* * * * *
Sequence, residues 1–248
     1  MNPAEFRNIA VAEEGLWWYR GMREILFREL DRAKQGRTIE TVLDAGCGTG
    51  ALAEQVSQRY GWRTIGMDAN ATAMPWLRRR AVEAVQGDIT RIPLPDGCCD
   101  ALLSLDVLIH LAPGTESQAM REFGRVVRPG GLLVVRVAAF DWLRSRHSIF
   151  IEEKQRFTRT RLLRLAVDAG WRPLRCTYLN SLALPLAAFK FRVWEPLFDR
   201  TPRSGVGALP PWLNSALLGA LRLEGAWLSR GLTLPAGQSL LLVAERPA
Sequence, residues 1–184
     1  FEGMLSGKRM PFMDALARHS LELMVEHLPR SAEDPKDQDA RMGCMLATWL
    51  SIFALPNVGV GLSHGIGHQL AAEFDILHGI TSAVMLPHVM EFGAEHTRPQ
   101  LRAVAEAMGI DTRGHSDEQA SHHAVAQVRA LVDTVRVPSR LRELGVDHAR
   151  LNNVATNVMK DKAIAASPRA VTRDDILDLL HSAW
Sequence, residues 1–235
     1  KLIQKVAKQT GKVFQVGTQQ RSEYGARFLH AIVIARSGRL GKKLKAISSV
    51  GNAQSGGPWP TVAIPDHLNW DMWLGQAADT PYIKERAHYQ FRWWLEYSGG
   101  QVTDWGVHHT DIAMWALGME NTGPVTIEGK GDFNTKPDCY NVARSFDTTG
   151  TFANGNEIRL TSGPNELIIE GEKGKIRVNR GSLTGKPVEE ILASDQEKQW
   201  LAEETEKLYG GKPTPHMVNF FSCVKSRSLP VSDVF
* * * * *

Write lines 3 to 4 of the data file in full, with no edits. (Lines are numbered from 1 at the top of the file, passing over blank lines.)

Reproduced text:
    51  ALAEQVSQRY GWRTIGMDAN ATAMPWLRRR AVEAVQGDIT RIPLPDGCCD
   101  ALLSLDVLIH LAPGTESQAM REFGRVVRPG GLLVVRVAAF DWLRSRHSIF